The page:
Adventures at MeadowCreek Park

So since I’m way more excited to tell y’all about Sunday, and I’m sure Sunday is going to provide more interesting content than Saturday, I’m going to recap my weekend in reverse. Don’t worry — for those of you who like technical recaps about the Circle of Death, it’s coming.

So as I mentioned in my post last week, we were supposed to go to an out of town schooling show this weekend. However there was just a show last weekend, and not many people were signed up. We nixed that plan and decided to go school cross country instead at MeadowCreek Park a new (to me) venue. The last — and only other — time Val was on a cross country course was last year’s Lope Benefit show in October and that didn’t go so well. Not that he was terrible, but we did an Eventing Derby at 2’6 where you had to leave the arena for the show jumping phase and just keep trucking right on to the cross country phase over jumps they weren’t allowed to check out beforehand. Poor Val is not used to cantering away from the arena and all his friends and was not super brave. He came back later and schooled fine, but based on that experience, I had no idea what to expect.

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Pepe le Pew impression through the water. Every. Single. Time.

Val got off the trailer okay, and when I stashed him in a stall with his buddies he was fairly unconcerned. It wasn’t until one-by-one the other horses started leaving to go warm up that he got upset. Fortunately 5 minutes of moving around on the longe line and taking things in was all it took to get his brain back. I then went and got on, and did a bit of exploring in the little warm up type area that had a dried out…crater? It was a bit steep to be a water complex but wasn’t really a grotto either. Eventing followers: any ideas?

Any-who. We walked around, took deep breaths, the whole group got ready to go exploring down some trails, and one of our girls came galloping up from the check-in area with releases for us to sign since we weren’t wearing vests. I guess that wasn’t part of the other release we all signed. Once THAT was all sorted out, it was finally time to head out!

Splish-Splash

Splish-Splash

Even though Val gets a little nervous, he hates being behind anyone on trails. So we blazed on ahead, and actually had to circle when we were leaving the group behind even at a walk. We did find some scary grass he had to watch a buddy walk through, but was otherwise brave and happy, and we only jigged a little. We finally realized the trail did NOT connect in any easily accessible way to the cross country field so we headed back the way we came, and this time Val led without a buddy. What a brave little toaster he is.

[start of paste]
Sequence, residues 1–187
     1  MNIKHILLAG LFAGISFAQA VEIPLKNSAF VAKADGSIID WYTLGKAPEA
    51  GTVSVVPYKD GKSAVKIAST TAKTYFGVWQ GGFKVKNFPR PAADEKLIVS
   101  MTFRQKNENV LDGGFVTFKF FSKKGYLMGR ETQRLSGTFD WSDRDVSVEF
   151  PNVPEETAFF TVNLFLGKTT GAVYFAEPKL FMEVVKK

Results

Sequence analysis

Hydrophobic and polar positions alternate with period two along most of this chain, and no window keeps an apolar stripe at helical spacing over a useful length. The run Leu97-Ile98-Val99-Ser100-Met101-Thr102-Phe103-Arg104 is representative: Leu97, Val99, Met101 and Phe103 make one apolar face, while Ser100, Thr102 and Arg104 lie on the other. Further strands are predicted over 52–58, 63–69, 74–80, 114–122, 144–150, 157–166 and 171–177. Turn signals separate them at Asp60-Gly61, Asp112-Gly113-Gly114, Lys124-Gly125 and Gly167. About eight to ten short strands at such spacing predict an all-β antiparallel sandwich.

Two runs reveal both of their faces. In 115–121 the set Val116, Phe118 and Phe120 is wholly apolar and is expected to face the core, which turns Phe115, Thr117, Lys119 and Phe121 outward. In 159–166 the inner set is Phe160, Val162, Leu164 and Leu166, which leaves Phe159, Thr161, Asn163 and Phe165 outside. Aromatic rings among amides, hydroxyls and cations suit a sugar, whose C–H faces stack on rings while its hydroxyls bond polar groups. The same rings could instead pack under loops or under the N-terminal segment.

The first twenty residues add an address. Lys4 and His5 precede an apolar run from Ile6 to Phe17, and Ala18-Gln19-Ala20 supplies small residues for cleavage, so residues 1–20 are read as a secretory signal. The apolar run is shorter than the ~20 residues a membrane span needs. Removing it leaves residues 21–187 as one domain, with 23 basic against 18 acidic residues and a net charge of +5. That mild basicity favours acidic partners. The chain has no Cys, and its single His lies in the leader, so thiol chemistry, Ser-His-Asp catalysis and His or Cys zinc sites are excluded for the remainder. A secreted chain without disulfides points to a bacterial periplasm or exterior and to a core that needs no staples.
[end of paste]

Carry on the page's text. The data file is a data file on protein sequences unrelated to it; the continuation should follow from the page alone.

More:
Walking through the trailers that were parked around, Val was pretty unconcerned. But then we turned a corner and he could see the field. And it was the biggest field he’s ever seen. But still he forged on ahead.

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The view of the field from Simon’s ears.

We didn’t jump anything in this field, but we did wander through to the next field over that had a lot more jumps closer together to choose from for everyone from teensy logs to more solid coops and houses and things that I don’t know the name for because I’m a Hunter Jumper Princess (thank you Amanda for helping me identify the things we jumped so I don’t completely sound like I don’t know what I’m talking about).

The girl who had to take the releases back and one other rider had already gone straight to the field and tackled the water complex, so the first thing the rest of the group did was play follow the leader behind the two veterans. As we walked through the gate and into the field, a horse cantered through the super shallow complex, and the pea gravel made a really weird sound that all of the horses noticed and were concerned about. I could feel poor Val’s heart pounding in my legs, but he approached it anyway. With a buddy leading the way, Val figured it out super quickly, and soon we were trotting and then cantering through on our own. We tackled some of the tinier logs scattered around once we had figured out how to go through the water. As long as I walked Val by and made him yield off of my leg toward the new jump before we cantered down to it, he was super brave. So naturally the next step was to jump out of the water over a big log. And then make it complicated by jumping the green coop thing above into the water, and then bending over to the log on the way back out. Through this whole combination he felt so good. Like he was a pro who did this all day long. It’s the first clip in the video at the end.

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BN Ramp into the water complex

There was a little up bank, and even though Val did an itsy bitsy one at our Eventing Derby, we walked up that one, plus it was tiny. This one we walked by, and then cantered right up. Only to almost fall on our faces on the back side because Val wasn’t expecting the ground to come up so quickly, and he forgot to completely unfold his knees. I stayed out of his way while he figured it out and kept cantering right back down the hill on the other side, and I didn’t ask the goob to do that one again.

After everyone had jumped around over a bunch of different things in this field, and Val and I had strung together a few short courses, it was time to move on to the next field. I was so busy jumping around/dying of heat stroke that I didn’t realize at first that we had been left behind. The fact that we could get left behind and keep jumping around like no big deal is in itself huge, since Val was only confident at least year’s event when he had a buddy right with him in schooling after the show.

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BN Coop